• Epistemic responsibility

Over the last 200 plus years, researchers have looked into the way people think, how it is we come to a conclusion and why some opinions are ingrained in us and others, are a little more flexible. Vaccinations are a topic which has had conspiracy theories created around it, after one journal article found a link between autism and being vaccinated. Even though the article was later re-tested for validity and discredited (Eggertson, 2010), some individuals have continued to believe in this otherwise disproven research.

There are useful ways in which individuals think which encourages that a belief, especially a strong belief has the ability to cause harm and therefore, carries responsibility with it. This is due to the inability of having a personal belief that stays wholly with someone, even when holding a conversation and stating that something may be your personal belief, verbalising it, spreads it. Furthermore, even not verbalising it, having belief is part of what makes each person unique, and therefore influences our behaviours and actions and how someone is perceived by others, in this way your beliefs will subtly impact another (Valuewalk, 2016).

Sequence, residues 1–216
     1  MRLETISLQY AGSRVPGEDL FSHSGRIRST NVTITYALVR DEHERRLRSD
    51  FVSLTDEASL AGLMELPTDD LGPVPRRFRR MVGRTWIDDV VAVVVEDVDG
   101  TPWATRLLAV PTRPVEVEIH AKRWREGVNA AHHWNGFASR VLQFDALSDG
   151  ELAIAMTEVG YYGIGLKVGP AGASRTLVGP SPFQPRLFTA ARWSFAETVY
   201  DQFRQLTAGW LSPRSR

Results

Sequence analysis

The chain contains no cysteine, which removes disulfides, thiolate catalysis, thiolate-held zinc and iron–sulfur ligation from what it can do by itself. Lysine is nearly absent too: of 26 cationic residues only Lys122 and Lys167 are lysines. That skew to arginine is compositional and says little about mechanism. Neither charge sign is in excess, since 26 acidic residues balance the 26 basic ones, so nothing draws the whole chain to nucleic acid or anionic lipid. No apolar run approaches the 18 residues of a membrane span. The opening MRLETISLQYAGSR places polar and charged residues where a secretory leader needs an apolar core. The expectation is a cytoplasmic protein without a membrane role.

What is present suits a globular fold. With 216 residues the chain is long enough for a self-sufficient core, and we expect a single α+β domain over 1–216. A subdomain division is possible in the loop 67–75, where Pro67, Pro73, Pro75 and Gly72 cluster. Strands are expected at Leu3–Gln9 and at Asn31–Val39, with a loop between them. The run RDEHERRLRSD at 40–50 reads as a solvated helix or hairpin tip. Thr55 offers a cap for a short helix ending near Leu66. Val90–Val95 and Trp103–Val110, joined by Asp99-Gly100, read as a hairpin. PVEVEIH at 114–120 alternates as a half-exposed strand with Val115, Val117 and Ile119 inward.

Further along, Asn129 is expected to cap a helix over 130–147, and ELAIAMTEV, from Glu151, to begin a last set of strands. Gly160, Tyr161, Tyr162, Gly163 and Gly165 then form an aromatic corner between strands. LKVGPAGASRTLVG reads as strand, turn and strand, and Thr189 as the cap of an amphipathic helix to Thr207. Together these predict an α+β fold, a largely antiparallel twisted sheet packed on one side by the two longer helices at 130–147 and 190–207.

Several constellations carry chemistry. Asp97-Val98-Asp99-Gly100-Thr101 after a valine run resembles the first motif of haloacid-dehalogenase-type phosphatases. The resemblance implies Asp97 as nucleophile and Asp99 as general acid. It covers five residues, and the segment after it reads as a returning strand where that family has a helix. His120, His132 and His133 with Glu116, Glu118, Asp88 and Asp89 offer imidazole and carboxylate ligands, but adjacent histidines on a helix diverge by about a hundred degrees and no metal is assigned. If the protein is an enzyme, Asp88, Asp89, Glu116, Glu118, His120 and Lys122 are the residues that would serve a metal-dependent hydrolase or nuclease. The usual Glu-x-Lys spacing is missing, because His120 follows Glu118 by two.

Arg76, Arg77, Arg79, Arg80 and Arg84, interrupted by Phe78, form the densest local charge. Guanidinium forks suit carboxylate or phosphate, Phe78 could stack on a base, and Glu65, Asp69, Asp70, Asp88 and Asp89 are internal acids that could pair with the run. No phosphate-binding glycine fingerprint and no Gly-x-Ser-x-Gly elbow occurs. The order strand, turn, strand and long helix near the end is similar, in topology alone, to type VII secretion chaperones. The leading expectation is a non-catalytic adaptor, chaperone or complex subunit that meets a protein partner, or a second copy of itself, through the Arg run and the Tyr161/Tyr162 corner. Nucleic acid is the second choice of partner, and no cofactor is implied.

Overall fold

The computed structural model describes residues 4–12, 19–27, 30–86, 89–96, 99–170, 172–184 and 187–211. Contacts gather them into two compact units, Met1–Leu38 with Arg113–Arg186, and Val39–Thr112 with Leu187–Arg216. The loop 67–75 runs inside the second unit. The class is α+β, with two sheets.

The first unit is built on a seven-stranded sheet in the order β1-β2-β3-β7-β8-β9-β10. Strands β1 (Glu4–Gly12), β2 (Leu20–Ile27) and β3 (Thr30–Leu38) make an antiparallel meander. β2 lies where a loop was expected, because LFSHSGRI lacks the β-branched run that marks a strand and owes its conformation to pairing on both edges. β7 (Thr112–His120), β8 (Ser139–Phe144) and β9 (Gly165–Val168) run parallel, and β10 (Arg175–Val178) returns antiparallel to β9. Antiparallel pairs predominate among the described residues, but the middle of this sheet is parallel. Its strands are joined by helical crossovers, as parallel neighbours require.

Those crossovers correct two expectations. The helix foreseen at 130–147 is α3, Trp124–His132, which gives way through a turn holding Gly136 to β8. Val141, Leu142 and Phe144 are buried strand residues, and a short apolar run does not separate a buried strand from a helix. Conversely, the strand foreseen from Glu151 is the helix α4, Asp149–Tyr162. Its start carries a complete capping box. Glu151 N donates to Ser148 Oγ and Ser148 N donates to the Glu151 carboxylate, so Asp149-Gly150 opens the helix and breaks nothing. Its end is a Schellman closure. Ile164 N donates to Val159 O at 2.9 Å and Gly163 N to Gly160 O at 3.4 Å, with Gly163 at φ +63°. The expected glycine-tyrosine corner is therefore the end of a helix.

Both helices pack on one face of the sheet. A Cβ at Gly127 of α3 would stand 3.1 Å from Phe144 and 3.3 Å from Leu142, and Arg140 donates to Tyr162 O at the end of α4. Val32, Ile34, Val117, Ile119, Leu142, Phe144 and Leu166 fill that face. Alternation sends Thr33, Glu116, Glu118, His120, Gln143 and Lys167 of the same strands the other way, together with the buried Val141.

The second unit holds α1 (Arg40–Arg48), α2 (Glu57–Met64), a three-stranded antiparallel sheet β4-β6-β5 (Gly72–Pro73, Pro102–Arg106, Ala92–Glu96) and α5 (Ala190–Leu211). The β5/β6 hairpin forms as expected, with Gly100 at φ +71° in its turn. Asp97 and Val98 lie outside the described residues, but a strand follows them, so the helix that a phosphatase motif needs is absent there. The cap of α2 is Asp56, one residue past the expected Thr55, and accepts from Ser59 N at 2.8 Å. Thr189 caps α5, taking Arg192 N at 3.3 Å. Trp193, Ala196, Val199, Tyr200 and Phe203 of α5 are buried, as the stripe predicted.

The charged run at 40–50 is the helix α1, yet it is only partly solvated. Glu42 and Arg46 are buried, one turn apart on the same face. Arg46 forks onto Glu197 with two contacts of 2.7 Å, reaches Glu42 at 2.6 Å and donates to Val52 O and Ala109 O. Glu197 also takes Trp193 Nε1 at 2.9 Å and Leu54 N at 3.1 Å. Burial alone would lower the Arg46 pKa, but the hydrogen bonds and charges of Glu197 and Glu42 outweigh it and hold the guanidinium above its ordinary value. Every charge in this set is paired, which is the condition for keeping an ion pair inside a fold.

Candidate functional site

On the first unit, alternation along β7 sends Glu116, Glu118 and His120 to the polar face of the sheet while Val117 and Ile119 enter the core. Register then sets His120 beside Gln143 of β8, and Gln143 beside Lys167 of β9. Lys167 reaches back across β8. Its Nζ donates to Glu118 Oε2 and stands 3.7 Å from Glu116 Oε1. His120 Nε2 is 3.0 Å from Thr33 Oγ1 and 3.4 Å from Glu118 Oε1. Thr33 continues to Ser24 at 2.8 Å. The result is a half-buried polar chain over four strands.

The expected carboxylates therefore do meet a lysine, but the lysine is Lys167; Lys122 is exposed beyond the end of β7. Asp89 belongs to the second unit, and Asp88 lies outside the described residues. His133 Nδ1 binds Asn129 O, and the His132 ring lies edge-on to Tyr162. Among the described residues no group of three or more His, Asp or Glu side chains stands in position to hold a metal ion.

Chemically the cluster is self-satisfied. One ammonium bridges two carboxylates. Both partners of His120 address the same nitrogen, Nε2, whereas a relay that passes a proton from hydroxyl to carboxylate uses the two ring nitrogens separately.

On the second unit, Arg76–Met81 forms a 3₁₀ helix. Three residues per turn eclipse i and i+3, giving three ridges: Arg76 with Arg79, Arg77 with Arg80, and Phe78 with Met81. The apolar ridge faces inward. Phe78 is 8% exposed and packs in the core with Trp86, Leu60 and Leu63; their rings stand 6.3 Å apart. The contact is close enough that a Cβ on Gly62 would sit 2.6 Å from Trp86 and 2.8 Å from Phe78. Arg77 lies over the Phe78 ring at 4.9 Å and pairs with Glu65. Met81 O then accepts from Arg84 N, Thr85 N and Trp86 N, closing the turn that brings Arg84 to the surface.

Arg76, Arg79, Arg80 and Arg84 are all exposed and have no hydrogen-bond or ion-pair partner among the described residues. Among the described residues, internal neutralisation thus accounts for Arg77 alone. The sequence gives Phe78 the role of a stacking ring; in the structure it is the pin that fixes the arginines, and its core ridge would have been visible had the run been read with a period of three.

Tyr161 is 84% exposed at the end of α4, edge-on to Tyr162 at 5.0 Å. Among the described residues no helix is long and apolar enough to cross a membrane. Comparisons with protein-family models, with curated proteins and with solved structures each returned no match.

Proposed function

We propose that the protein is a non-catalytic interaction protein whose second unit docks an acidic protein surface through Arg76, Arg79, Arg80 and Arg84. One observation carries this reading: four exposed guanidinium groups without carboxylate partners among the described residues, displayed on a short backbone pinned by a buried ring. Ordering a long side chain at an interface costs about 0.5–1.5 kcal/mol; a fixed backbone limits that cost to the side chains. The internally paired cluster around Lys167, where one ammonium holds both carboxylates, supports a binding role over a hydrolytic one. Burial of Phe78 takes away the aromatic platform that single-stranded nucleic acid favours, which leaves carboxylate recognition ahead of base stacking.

Existential motives[edit | edit source]

Research shows that people are more likely to believe in conspiracy theory when they feel they lack power and become anxious in their environment[factual?]. Because conspiracy theories rely on the belief that important outcomes are in the control of more powerful people with malevolent intentions. It is likely that believers in conspiracy theories can be persuaded by pro conspiracy material without being aware of it[explain?] (Douglas, Sutton & Cichocka, 2017).

  • Existential Threats

There is a causal effect found in empirical research regarding existential threat and its link to the belief of conspiracy theories[factual?]. Anxiety and uncertainty will often drive a perceived understanding to believing in conspiracies, even when the event has since passed. As with the assassination of JFK and 9/11 terrorist attacks, large groups still endorse such beliefs. Studies have also found that individuals are more likely to believe an event as a conspiracy if the end result is out of their control[factual?]. For example, while scenario testing if a high profile figure dies in a car crash, over surviving a car crash[grammar?]. This supports the notion that beliefs in conspiracy theories are higher when an event is perceived as a higher threat, such as death, and affects society on a larger scale (van Prooijen, 2020).